Antonia Quirke is an author and journalist. She is a presenter on The Film Programme and Pick of the Week (Radio 4) and Film 2015 and The One Show (BBC 1). She writes a column on radio for the New Statesman.
A seducing documentary used recordings of Orson Welles speaking unguardedly over lunches in a restaurant in Hollywood between 1983 and 1985.
One day Cumming was warned that it might emerge that he was not his father’s biological son. It was a bad moment in his life, no question. And yet, on some sad level, he greeted the news with relief.
Mozart was fond of “scatological smut” and found “the sound of rude words especially hilarious”.
Antonia Quirke on Radio.
A running commentary by Ricky Hatton and fellow boxers to mark the 40th anniversary of the super-fight, in what turned out to be a brilliantly conceived and delivered programme
A community of tattoo artists in Copenhagen vehemently reject the swastika’s associations with all things menacing and want to “reclaim the symbol” as a deeply ancient emblem of well-being and peace.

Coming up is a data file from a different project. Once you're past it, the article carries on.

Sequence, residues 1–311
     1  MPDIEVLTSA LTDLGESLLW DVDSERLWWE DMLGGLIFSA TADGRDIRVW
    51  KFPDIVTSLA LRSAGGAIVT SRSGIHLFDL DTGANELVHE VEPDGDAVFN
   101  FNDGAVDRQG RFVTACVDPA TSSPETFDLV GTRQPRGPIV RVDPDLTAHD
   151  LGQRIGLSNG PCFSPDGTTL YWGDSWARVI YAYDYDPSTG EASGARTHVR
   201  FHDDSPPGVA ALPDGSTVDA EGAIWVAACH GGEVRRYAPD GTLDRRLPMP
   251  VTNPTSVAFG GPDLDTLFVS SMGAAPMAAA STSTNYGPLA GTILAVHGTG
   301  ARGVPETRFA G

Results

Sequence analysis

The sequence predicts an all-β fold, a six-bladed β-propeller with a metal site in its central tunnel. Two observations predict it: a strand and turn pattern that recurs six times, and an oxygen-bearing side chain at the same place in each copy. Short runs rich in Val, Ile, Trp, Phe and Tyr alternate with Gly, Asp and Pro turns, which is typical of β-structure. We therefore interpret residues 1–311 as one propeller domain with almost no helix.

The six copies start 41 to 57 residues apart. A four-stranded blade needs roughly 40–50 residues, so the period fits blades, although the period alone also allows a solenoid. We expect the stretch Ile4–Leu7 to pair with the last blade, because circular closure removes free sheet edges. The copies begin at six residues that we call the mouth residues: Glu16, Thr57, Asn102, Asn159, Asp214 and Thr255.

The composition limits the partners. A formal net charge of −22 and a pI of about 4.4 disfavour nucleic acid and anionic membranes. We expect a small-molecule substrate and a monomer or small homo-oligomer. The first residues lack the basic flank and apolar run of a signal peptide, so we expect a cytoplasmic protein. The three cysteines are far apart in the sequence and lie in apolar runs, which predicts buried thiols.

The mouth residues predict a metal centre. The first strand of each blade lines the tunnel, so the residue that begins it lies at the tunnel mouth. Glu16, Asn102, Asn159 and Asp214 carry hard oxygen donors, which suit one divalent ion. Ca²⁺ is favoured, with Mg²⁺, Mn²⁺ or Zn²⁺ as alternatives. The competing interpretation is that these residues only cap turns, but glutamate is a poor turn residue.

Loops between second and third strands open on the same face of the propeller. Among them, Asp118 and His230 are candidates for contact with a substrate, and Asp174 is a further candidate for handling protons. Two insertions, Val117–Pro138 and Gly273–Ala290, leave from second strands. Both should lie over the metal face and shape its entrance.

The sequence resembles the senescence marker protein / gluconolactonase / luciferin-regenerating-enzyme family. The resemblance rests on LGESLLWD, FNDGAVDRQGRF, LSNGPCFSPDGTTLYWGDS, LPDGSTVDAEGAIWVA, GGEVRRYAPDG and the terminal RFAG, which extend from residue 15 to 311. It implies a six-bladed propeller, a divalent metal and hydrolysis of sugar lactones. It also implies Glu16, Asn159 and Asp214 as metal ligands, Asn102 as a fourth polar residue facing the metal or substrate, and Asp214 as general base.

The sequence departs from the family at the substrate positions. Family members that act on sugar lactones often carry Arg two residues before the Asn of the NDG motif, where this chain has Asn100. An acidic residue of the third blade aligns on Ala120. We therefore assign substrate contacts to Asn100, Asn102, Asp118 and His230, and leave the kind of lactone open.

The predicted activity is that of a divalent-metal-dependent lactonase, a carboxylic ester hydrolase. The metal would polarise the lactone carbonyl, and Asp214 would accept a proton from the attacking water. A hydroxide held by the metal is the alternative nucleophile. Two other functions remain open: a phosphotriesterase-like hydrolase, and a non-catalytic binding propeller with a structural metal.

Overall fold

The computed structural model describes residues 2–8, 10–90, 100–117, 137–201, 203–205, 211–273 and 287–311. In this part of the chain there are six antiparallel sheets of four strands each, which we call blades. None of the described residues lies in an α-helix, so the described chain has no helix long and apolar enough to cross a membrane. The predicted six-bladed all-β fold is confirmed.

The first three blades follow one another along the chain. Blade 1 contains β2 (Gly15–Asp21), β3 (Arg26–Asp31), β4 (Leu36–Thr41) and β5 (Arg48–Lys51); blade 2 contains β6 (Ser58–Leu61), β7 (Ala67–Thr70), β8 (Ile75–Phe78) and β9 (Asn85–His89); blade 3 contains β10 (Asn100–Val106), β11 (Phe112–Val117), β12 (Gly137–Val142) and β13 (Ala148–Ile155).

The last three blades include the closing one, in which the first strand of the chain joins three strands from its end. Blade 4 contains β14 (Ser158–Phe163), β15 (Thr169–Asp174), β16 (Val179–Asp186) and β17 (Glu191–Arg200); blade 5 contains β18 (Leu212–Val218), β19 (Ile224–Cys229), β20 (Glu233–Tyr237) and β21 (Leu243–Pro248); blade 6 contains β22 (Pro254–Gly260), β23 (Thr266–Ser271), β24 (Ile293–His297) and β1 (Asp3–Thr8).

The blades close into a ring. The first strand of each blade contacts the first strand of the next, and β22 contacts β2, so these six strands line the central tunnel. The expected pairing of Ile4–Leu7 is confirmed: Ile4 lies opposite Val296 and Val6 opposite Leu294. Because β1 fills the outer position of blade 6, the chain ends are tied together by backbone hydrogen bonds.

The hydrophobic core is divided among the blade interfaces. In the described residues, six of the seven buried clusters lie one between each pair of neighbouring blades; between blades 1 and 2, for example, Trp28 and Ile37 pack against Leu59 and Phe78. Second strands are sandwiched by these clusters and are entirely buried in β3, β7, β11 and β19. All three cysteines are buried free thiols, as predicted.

Antonia Quirke on radio.
Having listened to the show for three weeks, I am repeatedly struck by its unusually fluctuating tone.
The tenderly shaped ten-minute broadcast included an interview with the California highway patrolman who had taken Dean to task over speeding. Two hours later, Dean was dead.
Author and one-time cabby Michael Goldfarb recalled how he’d been behind the wheel to pay for acting lessons, studying under Marlon Brando’s dauntless mentor Stella Adler.
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